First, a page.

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No wonder Tory ministers are off-message: not even Cameron knows what the message should be

The Prime Minister has never come up with an intellectually sustainable explanation of the economic crisis.

Would the UK Independence Party shut up shop if it achieved its goal of pulling Britain out of the European Union? Plainly not. Liberation from Imperial Brussels is the struggle that gave the party its name, but there is no end of suspected foreign mischief to sustain Nigel Farage’s partisan brigades in permanent cultural insurgency.

In reality, enterprising migrants create jobs, boost growth and claim proportionately few benefits. But Ukip has an ambiguous relationship with reality. It feeds on reasonable anxiety provoked by social and economic upheaval. It turns nostalgia for lost certainties into rage at the expropriation of indigenous entitlements. It comforts by denying theneed to adapt to the times, selling instead self-righteous victimhood at the hands of foreigners, bureaucrats, the metropolitan elite, proselytising homosexuals.

Fear and blame are vast resources at a time of economic crisis but it is a duty of mature, democratic politicians not to exploit them. That doesn’t stop the Conservatives from trying. In the aftermath of the Eastleigh byelection, in which Ukip pushed the Tories into third place, ministers have been lashing out at familiar foes. Iain Duncan Smith found himself anguished afresh at the scourge of “benefit tourism”. Meanwhile, Theresa May and Chris Grayling remembered their horror at the European Convention on Human Rights and their determination one day to prise it out of British law.

I doubt many Eastleigh voters went into polling booths wishing parliament would be more blasé about torture. It is true that the Ukip complex sees human rights as a European affectation in conflict with the common sense of Old Albion, but it does Conservatives no favours to be nurturing that view. The Human Rights Act will not be scrapped in this parliament. Whitehall lawyers, reasonable Tories and the Liberal Democrats will not permit it.

The only effect of the Grayling and May interventions is to tease grass-roots Tories with something they want but can’t have as long as David Cameron is in Downing Street – an invitation to continue supporting Ukip as the Real Conservatives in Exile.

Cameron’s response to the by-election humiliation was a promise not to “lurch to the right”. The mixed message cannot have been co-ordinated. The No 10 communications operation is often criticised for lacking consistency but no one thinks it is so incompetent as to launch a two-pronged attack with the prongs facing in opposite directions. The better explanation is that Cameron is losing control of ministers much as he lost control of his backbench MPs.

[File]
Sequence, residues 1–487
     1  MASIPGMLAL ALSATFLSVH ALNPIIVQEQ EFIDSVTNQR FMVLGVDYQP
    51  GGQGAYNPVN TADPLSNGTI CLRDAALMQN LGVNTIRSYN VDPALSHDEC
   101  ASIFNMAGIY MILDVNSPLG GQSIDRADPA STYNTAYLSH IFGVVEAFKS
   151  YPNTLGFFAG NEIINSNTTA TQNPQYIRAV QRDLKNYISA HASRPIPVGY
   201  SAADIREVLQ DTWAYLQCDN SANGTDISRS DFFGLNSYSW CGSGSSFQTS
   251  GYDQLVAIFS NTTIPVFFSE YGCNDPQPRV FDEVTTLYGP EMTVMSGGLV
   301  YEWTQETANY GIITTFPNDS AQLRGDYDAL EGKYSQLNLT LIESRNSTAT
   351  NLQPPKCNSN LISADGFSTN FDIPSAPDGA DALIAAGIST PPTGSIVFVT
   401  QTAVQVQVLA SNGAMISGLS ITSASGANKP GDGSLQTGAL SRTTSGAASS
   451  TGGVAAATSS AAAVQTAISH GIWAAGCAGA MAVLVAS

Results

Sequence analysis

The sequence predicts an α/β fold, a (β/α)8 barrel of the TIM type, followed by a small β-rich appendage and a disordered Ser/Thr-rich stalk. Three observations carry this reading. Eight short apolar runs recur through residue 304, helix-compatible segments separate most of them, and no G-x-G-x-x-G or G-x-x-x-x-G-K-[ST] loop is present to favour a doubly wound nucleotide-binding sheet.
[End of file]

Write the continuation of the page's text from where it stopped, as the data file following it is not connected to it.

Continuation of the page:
Some of the more moderate voices around the Prime Minister have long been frustrated with May’s clunky illiberalism, especially where immigration policy is concerned. There are ministers and aides who recognise that a policy of snarling hostility to foreigners harms Britain’s reputation as a country open for business to the rest of the world. It does nothing to advance the UK’s position in the “global race”, which is supposed to be Cameron’s governing purpose. For now.

Tory MPs don’t anticipate the global race selling any better on the doorstep than “the big society”, which was the Conservative leader’s unwavering ambition before he wavered. Yet there is a deeper problem with the theme, which is that the Tory account of Britain’s economic plight, as set out before the 2010 election, was the opposite of global. It was insular and parochial. Cameron explained with lethal simplicity how Labour had spent all the money – maxed out the credit card – and how only national belt-tightening could lead to recovery. He and George Osborne are now learning that international forces determine whether the UK economy grows or shrinks. Their problem is that a message crafted out of that insight sounds like a lame excuse for failure – the very charge that was levelled against Gordon Brown when he talked about a global crisis.

It is an error of category and chronology to see Cameron’s dilemma after Eastleigh as a choice between holding a centre course or lurching to the right. The lurch was already made back in 2008, when the Tory leadership failed to grasp what was happening in the financial meltdown and reached for glib answers that obscured the truth. They didn’t see it then as a crisis of globalised market capitalism and have never come up with an intellectually sustainable explanation of what else it might have been.

It shouldn’t come as a surprise when malfunction in an internationalist, liberal system produces illiberal, populist backlash.

There is a cultural nuance and presentational sophistication to Ukip that allows it to reach beyond the old skinhead model of the far right, but that doesn’t mean it isn’t ultimately a nationalist party, committed to the politics of pulling up the drawbridge, vilifying outsiders and purging enemies within.

Before the crisis, Labour, the Liberal Democrats and the Tories were all supporters of the elite, cosmopolitan, pro-globalisation consensus; their leaders voiced no reservations about the model until it failed. Owning up to that error and developing a plausible alternative is a slow and difficult process for any politician who wants to govern responsibly. For those who don’t, there is a quicker and easier route. It involves peddling simple solutions based on prejudice and fear. Cameron insists that the Tories aren’t in that trade; all the evidence says otherwise.

Rafael Behr is political columnist at the Guardian and former political editor of the New Statesman

This article first appeared in the 11 March 2013 issue of the New Statesman, The audacity of popes

David Young
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The Tories are the zombie party: with an ageing, falling membership, still they stagger on to victory